Changing of the Seasons: Inspect Your Fencing and Gates

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Fencing and gates made from wood or metal are outside, exposed to the elements through the cold winter, the rainy spring, and the hot summers of Australia. These yearly changes in temperature and humidity can cause the wood and metal to expand and contract, leading to rust and weak gates and fences.

Weak fencing, rusty locks and gates that don’t work properly can leave you and your property vulnerable. Fencing and gates are meant to be there for safety, security and privacy, but if they are not taken care of your property is not safe, secure, or private.

The most important times of the year to check your gates and fencing for signs of wear and tear are during the biggest seasonal changes: at the end of the summer, and at the end of the winter. Now that summer has almost arrived, it’s time to inspect your fencing and gates for signs of weakness that should be repaired or replaced.

Check for the following signs of wear and tear when you are inspecting your gates and fences.

New or Growing Gaps

Gaps between timber or metal slat fencing that have grown or appeared since your last inspection are a sign that the change in weather has started to wear on your fence and gate. The winter cold causes the slats to contract, while the summer heat causes them to expand. These variations in temperature can result in permanent changes to your fencing, like the gaps you may see.

broken fence

Cracks in Timber or Metal Panels

Moisture and humidity changes combined with varying temperatures can increase the expanding, contracting, and weakening of the materials your fence and gate are made of. Moisture can cause wood to rot from the inside or cause metal to be more fragile. Look for cracks and signs of weakened materials. If you find the timber of your fence to be soft, flaking or spongy it’s a sign that the wood has rotted and may be too late fora link of paint or varnish to fix it and it’s time for a replacement. If you still want to stick with the look of a timber picket fence but don’t want the same issue again next year or the year after, consider switching to ‘smartwood’ aka wood-look aluminium fencing – it gives you the durability of aluminium while retaining the nice traditional look of a wooden fence.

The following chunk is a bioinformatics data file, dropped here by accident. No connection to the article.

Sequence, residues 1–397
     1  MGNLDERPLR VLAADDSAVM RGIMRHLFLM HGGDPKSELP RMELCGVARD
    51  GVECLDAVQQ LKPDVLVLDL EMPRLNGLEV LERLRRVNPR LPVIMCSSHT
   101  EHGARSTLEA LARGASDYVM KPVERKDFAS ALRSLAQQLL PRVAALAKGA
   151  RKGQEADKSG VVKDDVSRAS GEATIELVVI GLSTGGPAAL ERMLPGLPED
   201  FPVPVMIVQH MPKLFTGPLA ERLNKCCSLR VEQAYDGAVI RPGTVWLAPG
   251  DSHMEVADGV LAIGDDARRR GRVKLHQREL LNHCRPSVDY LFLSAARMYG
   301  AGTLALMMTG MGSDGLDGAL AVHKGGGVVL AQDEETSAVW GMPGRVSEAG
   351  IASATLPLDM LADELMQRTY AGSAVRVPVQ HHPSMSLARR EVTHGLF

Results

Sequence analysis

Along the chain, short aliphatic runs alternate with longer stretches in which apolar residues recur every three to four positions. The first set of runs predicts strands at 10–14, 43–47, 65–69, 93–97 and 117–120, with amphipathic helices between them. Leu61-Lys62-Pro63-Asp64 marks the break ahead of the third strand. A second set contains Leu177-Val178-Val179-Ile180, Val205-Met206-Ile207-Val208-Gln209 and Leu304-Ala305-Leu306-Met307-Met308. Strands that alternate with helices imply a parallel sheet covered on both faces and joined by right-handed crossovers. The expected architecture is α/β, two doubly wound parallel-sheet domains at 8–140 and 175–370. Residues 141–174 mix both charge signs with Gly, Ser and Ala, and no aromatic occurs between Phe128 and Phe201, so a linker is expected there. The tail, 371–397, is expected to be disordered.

Corroding Metal Parts

Even if your gates and fences are mostly made from timber, the hinges, locks, clasps and fencing bars may be made or held together by metal pieces. However, variations in humidity can cause the metal to rust or corrode at the points where your fence is held together, leaving room for your fence to literally fall apart at the seams.

rusty fence lock

Misalignment of Gates and Fences

This can happen when the metal hinges, locks or clasps are rusting or corroded, or due to warped wood, or just when an old gate has been through many seasons and the fluctuations in temperature and humidity have left it worn out. Often, these changes cause the gate to be difficult to close in the summer when the wood and metal have expanded, and can leave the gate too small and lose in the winter, when the materials have contracted.

Cracked or Loose Metal Connectors

The metal hinges, clasps and locks that hold your fence together can also be weakened by the changes in weather and contracting and expanding throughout the seasons. If there are cracks or loose parts holding your fence together, it is left weak and vulnerable to intruders, storms, and even everyday use.

rusty chain

Protect Your Fences and Gates from the Elements

The best way to keep yourself and your home safe, secure, and private is to inspect and maintain your fencing and gates. Be sure to replace any timber or metal parts that have been warped, cracked, corroded, or broken as soon as you notice deterioration, rather than waiting for the problem to compound.

If you choose materials made of timber, select a fence and gate company you trust, and regularly clean and seal the wood. Make sure you use materials that are made for the climate where you live, and keep your fence and gate coated with weather treatment.

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About Author

Ricky Hee is Managing Director of Fencemakers, a leading provider of quality aluminium and steel gates and fencing in Perth, Western Australia. View the Fencemakers range at http://www.fencemakers.com

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